In October 2009 photographer Vandy Rattana traveled to those Cambodian provinces most severely bombed by the U.S military during the Vietnam War. The goal of this journey was to reopen dialogue with local villagers on this traumatic history and to document the scarred landscape as it exists today.
Between 1964 and 1973, the United States dropped an estimated 2,756,941 tons of ordnance across Cambodia’s countryside. Today, the craters created by this action are known as “bomb ponds.” These water-filled oases conspicuously emerge from the midst of Cambodia’s lush green rice fields. Untouched and unnatural, these ponds remain as underdiscussed monuments from one of American history’s most controversial eras.
Unsatisfied with the level of documentation and investigation produced on the subject, Vandy Rattana decided to rectify the lack of discourse by producing a series of landscape photographs testifying to the existence of these craters as well as filmed interviews in which he asked villagers to describe either their memory of the bombing or their present understanding of the history symbolized by the craters. The resultant work is being exhibited for the first time at CCS Bard, with the hope that audience members will reconsider this historical thread and the extent of America’s actions during the Vietnam War.
Born in Phnom Penh in 1980, Vandy Rattana has been photographing his native Cambodia for the past eight years. His practice is devoted to creating documents that elucidate the hidden realities of contemporary Cambodian existence while creating a more comprehensive historical record for future generations of Cambodians as well as international audiences. His two most exhibited series include Rubber Plantations (2008) and Fire of the Year (2008). Rubber Plantations documents the growing and harvesting of rubber, Cambodia’s largest export while Fire of the Year chronicles a small district outside of Phnom Penh as it is razed by a commonly occurring fire. His most recent exhibitions include: TADAIMA: Looking for Sweet Home Exhibition of Asian Contemporary Art at Kyushu University, Japan (2009); Magnetic Power Group exhibition organized by Asean-Korean Center, Seoul, Korea (2009); Forever Until Now: Contemporary Art From Cambodia (2009) 10 Chancery Gallery, Hong Kong.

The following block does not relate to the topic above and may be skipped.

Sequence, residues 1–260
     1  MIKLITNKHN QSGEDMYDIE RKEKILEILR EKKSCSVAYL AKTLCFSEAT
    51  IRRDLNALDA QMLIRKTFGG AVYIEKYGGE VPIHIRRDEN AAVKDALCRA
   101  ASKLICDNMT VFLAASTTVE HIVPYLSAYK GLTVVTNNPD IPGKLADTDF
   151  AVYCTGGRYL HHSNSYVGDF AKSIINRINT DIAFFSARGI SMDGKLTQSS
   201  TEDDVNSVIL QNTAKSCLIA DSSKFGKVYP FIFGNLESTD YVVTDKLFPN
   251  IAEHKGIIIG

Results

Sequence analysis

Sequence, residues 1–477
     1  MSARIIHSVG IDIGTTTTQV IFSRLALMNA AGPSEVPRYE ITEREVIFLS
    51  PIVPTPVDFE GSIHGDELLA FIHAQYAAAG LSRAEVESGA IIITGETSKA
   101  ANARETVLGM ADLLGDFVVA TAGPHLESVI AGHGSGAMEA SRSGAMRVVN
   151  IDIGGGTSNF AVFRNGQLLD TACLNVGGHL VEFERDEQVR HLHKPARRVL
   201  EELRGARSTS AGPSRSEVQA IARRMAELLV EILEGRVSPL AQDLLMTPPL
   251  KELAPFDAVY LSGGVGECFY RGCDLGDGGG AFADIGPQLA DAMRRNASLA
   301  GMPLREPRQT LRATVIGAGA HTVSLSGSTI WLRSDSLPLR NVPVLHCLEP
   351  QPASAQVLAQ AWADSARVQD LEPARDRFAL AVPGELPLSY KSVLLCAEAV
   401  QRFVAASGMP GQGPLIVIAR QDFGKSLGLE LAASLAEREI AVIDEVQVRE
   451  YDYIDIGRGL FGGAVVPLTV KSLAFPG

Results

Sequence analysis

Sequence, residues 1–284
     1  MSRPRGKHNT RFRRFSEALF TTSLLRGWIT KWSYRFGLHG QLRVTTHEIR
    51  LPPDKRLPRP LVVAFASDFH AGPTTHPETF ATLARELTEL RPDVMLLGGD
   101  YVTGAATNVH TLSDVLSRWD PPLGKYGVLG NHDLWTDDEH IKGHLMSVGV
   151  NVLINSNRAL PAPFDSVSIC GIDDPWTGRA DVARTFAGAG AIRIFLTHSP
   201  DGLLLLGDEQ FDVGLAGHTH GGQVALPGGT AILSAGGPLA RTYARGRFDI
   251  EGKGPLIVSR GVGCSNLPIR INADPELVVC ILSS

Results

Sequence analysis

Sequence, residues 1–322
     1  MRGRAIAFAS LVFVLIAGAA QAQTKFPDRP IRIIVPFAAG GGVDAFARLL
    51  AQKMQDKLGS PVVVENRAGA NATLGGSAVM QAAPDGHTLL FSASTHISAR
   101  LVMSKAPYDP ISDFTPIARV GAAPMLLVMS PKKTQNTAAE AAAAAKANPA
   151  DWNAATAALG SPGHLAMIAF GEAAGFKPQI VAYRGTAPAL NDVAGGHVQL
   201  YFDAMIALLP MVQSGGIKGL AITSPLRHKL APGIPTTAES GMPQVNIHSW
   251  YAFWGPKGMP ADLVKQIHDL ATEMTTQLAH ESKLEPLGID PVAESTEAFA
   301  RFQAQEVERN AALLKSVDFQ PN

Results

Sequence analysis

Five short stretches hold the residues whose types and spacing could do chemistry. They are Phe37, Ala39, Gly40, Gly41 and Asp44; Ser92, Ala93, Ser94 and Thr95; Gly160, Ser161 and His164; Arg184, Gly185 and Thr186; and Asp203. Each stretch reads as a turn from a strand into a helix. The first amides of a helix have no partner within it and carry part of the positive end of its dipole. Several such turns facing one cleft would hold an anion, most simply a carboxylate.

Monday, April 12, 5 – 7 p.m.
Olin 102, Bard College
“The Presence of the Past,” a lecture by curator Erin Gleeson, who has been based in Phnom Penh for the past eight years, and a screening of The Land of Wandering Souls by Rithy Panh, Cambodia’s leading documentary filmmaker and founder of Bophana Audiovisual Resource Center.
The Bomb Ponds is curated by Francesca Sonara as part of the requirements for the master of arts degree in curatorial studies.
Student-curated projects at CCS Bard are made possible with support from the Rebecca and Martin Eisenberg Student Exhibition Fund; the Mitzi and Warren Eisenberg Family Foundation; the Audrey and Sydney Irmas Charitable Foundation; the Board of Governors of the Center for Curatorial Studies, and by the Center’s Patrons, Supporters, and Friends. Special thanks to the Robert Mapplethorpe Foundation.